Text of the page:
On March 19, 1997, investigators from the FBI, the Internal Revenue Service and the Department of Health and Human Services served search warrants at Columbia/HCA facilities in El Paso and on dozens of doctors with suspected ties to the company.Following the raids, the Columbia/HCA board of directors forced Scott to resign as Chairman and CEO.He was paid $9.88 million in a settlement. He also left owning 10 million shares of stock worth over $350 million.In 1999, Columbia/HCA changed its name back to HCA, Inc. In settlements reached in 2000 and 2002, Columbia/HCA plead guilty to 14 felonies and agreed to a $600+ million fine in the largest fraud settlement in US history. Columbia/HCA admitted systematically overcharging the government by claiming marketing costs as reimbursable, by striking illegal deals with home care agencies, and by filing false data about use of hospital space. They also admitted fraudulently billing Medicare and other health programs by inflating the seriousness of diagnoses and to giving doctors partnerships in company hospitals as a kickback for the doctors referring patients to HCA. They filed false cost reports, fraudulently billing Medicare for home health care workers, and paid kickbacks in the sale of home health agencies and to doctors to refer patients. In addition, they gave doctors "loans" never intending to be repaid, free rent, free office furniture, and free drugs from hospital pharmacies.In late 2002, HCA agreed to pay the U.S. government $631 million, plus interest, and pay $17.5 million to state Medicaid agencies, in addition to $250 million paid up to that point to resolve outstanding Medicare expense claims. In all, civil law suits cost HCA more than $2 billion to settle, by far the largest fraud settlement in US history.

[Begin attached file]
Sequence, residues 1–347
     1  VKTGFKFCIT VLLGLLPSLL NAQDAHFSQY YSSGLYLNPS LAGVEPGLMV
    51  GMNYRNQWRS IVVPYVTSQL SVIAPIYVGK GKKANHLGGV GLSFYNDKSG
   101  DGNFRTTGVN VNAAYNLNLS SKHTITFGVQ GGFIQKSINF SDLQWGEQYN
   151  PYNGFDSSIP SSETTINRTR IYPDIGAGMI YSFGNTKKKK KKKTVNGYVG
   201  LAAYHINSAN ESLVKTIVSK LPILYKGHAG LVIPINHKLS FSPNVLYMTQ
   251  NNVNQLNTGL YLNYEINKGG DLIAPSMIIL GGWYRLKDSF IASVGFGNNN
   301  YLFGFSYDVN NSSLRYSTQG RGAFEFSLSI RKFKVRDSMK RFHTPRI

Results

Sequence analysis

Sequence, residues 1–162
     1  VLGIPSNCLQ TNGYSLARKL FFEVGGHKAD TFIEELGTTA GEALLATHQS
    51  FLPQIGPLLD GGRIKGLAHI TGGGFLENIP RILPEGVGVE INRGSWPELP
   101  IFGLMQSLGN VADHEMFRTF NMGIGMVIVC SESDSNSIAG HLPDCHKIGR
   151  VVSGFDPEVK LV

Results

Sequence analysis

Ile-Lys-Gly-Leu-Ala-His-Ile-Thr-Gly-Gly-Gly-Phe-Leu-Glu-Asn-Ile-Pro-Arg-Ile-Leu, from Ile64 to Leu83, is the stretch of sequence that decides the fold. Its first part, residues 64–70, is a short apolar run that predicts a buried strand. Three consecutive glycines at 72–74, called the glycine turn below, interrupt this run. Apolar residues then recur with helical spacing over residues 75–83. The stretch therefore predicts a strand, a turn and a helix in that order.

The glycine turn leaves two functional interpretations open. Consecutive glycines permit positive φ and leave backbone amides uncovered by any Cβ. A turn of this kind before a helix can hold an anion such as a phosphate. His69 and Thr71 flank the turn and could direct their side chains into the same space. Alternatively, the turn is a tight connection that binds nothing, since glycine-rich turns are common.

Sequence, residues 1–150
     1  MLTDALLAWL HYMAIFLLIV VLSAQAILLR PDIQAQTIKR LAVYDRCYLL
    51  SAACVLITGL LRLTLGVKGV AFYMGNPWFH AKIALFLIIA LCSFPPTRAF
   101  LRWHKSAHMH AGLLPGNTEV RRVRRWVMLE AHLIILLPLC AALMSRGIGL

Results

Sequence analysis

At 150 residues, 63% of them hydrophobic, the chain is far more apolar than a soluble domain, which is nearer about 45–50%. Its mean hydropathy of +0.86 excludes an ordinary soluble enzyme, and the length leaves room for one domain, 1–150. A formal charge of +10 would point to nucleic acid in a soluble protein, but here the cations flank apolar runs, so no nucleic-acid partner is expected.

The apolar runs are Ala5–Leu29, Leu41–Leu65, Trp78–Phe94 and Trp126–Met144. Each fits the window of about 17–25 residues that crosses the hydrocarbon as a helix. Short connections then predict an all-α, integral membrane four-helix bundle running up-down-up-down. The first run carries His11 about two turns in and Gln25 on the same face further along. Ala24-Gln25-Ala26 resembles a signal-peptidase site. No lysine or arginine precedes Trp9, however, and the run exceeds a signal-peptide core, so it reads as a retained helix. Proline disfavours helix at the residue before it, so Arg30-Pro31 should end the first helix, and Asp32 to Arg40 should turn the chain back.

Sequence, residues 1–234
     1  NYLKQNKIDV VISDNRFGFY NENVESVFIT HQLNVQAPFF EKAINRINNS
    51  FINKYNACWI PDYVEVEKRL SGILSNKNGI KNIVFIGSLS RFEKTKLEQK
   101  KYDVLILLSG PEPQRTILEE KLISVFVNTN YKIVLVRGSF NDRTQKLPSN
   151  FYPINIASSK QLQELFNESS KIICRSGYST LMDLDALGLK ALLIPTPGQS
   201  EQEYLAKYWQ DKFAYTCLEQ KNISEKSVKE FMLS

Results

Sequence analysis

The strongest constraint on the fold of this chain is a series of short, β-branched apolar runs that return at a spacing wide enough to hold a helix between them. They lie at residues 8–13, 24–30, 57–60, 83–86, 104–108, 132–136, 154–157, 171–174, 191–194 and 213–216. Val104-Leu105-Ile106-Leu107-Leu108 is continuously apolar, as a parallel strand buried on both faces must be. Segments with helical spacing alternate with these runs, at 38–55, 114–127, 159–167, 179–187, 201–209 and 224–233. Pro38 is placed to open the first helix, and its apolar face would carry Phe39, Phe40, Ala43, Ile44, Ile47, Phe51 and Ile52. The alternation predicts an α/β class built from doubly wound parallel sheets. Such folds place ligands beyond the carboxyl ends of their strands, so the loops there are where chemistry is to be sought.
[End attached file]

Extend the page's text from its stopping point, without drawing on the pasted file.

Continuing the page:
After the forced departure from Columbia/HCA in 1997, Scott launched Richard L. Scott Investments, based in Naples, Florida (originally in Stamford, Connecticut), which has stakes in health care, manufacturing and technology companies. Between 1998 and 2001, Scott purchased 50% of CyberGuard Corporation for approximately $10 million. Amongst his investors was Metro Nashville finance director David Manning. In 2006, CyberGuard was sold to Secure Computing for over $300 million. In February 2005, Scott purchased Continental Structural Plastics, Inc. (CSP) in Detroit, Michigan. In July 2006, CSP purchased Budd Plastics from ThyssenKrupp, making Continental Structural Plastics the largest industrial composites molder in North America. In 2005-2006, Scott provided the initial round of funding of $3 million to Alijor.com, which offered hospitals, physicians, and other health care providers the opportunity to post information about their prices, hours, locations, insurance accepted, and personal backgrounds online. The company was founded with his daughter Allison. In 2008, Alijor was sold to Healthgrades, Inc. In May 2008, Scott purchased Drives, one of the world's leading independent designers and manufacturers of heavy-duty drive chain-based products and assemblies for industrial and agricultural applications and precision-engineered augers for agricultural, material handling, construction and related applications. Scott reportedly has an interest in a chain of family fun centers/bowling alleys, S&S Family Entertainment, in Kentucky and Tennessee led by Larry Schmittou, one of baseball's legendary minor league owners.